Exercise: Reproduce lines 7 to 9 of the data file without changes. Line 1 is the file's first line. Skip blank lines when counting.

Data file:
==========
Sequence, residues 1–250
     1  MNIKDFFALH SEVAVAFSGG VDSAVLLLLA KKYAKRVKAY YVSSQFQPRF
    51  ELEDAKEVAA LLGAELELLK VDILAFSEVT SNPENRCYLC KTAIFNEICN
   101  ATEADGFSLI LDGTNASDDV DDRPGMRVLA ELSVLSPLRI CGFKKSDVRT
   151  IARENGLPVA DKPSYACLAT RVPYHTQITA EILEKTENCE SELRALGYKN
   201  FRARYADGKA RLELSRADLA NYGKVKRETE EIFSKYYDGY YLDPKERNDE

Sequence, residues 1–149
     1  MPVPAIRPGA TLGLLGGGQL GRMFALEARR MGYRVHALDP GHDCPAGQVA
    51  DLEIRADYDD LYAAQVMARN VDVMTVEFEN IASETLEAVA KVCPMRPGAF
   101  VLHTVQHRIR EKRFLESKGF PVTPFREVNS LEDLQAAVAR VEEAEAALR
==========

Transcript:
Sequence, residues 1–149
     1  MPVPAIRPGA TLGLLGGGQL GRMFALEARR MGYRVHALDP GHDCPAGQVA
    51  DLEIRADYDD LYAAQVMARN VDVMTVEFEN IASETLEAVA KVCPMRPGAF